The term servant-leadership was first coined by Robert K. Greenleaf in his seminal essay The Servant as Leader.
The servant-leader is servant first. … It begins with the natural feeling that one wants to serve, to serve first. Then conscious choice brings one to aspire to lead. That person is sharply different from one who is leader first, … The difference manifests itself in the care taken by the servant-first to make sure that other people’s highest priority needs are being served (Greenleaf, 1970, p.13).
Servant-leadership is not a management technique to reach organizational goals or institutional agenda. It is a way of living a purposeful and abundant life with prime focus on people and their betterment.
Servant-leadership is beyond the face value of the words: servant and leadership. A servant-leader respects and celebrates individuals with intrinsic worth, and he/she goes the extra mile to unleash everyone’s potential. A servant-leader has a growth mindset and focuses on the holistic development of people. The journey of servant-leadership can be measured as follows:
The best test, and difficult to administer, is: Do those served grow as persons? Do they, while being served, become healthier, wiser, freer, more autonomous, more likely themselves to become servants? And, what is the effect on the least privileged in society? Will they benefit or at least not be further deprived? (Greenleaf, 1970, p.13)
In fact, the word “servant” is not a modifier of the word “leader”. The roles of servant and leader are equally essential, interconnected and interchangeable. A servant-leader discerns moments to serve and moments to lead, and the hyphenation between the compound word, servant-leader, highlights the hybrid and fluid nature of a servant-leader.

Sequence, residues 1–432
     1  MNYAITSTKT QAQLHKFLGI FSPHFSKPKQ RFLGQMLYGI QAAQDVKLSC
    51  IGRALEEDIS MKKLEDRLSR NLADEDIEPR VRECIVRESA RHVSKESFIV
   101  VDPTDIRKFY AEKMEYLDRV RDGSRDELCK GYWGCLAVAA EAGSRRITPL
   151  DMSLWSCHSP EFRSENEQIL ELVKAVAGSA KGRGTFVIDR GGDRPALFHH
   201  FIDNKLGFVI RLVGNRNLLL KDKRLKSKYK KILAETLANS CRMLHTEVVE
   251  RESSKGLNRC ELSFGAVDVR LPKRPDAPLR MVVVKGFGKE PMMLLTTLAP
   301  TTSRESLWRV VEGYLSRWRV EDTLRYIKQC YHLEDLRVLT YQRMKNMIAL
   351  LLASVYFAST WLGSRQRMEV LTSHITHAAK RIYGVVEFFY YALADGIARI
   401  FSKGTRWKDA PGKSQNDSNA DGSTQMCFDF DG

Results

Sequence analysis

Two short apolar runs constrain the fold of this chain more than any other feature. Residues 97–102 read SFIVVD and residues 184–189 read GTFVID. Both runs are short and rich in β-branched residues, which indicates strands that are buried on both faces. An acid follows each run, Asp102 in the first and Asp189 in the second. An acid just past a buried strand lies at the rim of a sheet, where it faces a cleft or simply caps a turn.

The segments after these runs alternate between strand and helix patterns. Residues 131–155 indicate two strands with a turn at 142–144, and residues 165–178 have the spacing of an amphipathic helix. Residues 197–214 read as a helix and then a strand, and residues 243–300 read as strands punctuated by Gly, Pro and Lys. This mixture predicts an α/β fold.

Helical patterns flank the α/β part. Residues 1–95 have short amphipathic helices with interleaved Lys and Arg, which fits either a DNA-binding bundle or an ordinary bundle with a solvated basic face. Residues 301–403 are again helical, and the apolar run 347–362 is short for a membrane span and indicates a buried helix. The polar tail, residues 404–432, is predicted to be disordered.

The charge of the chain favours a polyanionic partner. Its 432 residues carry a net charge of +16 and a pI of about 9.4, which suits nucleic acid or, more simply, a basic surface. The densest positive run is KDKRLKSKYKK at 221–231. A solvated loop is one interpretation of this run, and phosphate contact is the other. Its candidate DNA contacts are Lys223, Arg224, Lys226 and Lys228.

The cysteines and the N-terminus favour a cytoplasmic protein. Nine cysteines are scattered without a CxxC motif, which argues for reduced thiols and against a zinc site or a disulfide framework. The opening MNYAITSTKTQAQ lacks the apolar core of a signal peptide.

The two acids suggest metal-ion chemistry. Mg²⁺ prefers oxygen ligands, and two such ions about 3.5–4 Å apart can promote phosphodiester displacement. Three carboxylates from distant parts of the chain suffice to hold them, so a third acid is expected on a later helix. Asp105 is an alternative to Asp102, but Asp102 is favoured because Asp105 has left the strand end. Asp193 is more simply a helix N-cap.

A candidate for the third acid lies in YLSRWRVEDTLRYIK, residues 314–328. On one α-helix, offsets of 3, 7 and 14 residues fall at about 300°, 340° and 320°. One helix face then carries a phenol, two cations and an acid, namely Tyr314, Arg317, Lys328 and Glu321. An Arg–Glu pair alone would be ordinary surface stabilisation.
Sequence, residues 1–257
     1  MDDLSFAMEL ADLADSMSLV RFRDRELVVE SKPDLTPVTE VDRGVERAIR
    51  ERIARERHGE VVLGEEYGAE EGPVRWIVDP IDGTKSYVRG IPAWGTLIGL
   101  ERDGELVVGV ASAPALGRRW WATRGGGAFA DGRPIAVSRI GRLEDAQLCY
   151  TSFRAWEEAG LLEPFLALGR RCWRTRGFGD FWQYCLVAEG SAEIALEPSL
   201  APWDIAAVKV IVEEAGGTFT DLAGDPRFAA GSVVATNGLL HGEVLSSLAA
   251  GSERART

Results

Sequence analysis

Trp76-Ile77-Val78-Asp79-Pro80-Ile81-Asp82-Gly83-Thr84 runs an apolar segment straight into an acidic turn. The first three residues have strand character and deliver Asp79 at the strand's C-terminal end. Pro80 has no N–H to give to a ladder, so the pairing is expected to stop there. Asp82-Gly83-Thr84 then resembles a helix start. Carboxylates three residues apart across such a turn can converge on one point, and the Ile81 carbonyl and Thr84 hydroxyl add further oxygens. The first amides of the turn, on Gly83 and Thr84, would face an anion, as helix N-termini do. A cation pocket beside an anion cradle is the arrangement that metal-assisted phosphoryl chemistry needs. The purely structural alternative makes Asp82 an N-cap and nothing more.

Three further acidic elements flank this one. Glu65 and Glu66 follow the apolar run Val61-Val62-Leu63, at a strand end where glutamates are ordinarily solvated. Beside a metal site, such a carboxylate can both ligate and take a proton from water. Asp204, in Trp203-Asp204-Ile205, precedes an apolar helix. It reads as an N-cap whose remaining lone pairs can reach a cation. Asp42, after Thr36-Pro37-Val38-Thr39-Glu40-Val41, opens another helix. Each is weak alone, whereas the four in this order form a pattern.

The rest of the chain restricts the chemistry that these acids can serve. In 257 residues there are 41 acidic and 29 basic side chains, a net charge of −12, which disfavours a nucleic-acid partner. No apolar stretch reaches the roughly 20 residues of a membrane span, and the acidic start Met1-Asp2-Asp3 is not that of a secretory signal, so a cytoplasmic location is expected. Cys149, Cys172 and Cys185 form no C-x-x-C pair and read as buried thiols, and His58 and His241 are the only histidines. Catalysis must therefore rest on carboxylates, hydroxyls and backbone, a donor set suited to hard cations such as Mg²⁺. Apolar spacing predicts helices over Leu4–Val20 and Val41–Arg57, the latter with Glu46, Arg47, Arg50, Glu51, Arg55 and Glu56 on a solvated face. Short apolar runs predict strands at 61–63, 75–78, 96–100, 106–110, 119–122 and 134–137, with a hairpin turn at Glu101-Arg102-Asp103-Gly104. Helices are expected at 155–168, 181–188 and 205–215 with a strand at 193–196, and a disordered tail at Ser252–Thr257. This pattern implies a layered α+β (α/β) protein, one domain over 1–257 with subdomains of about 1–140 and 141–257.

Servant-leadership has relevance in various arena, seasons, and stages of our lives. In the book The Case for Servant Leadership, Keith advocated that
Servant-leaders can be government officials, business executives, academic administrators, non-profit leaders, military commanders, coaches, friends, or neighbours. Servant-leaders do most of the things that other leaders do – they provide a vision, they motivate, they manage, they communicate, and so forth. What sets servant-leaders apart from other leaders is that they are focused on others, not just themselves, and they are motivated to make life better for others, not just for themselves. This difference in focus and motivation is what really distinguishes servant-leaders, regardless of their titles, roles, or positions (Keith, 2008, p.9-10).
Keith concluded that servant-leaders find meaning and satisfaction in serving others and contributing to society. Deep happiness is one of many blessings borne out of this journey. “Servant-leadership is not about self-sacrifice or self-denial. It is about self-fulfillment” (Keith, 2008, p.66).
Servant-leadership is within reach of everyone. It can be practiced from a gentle act of kindness for an undeserving person to a major decision that lessens international tension. It begins with one’s conscious choice, the desire to serve, and that makes a whole world of difference for the servant-leader and those whom he/she comes in contact with.
Greenleaf, R.K. (1970). The servant as leader. Indianapolis, IN: Robert K. Greenleaf Center.
Keith, K.M. (2008). The case for servant leadership. Westfield, IN: The Greenleaf Center for Servant Leadership.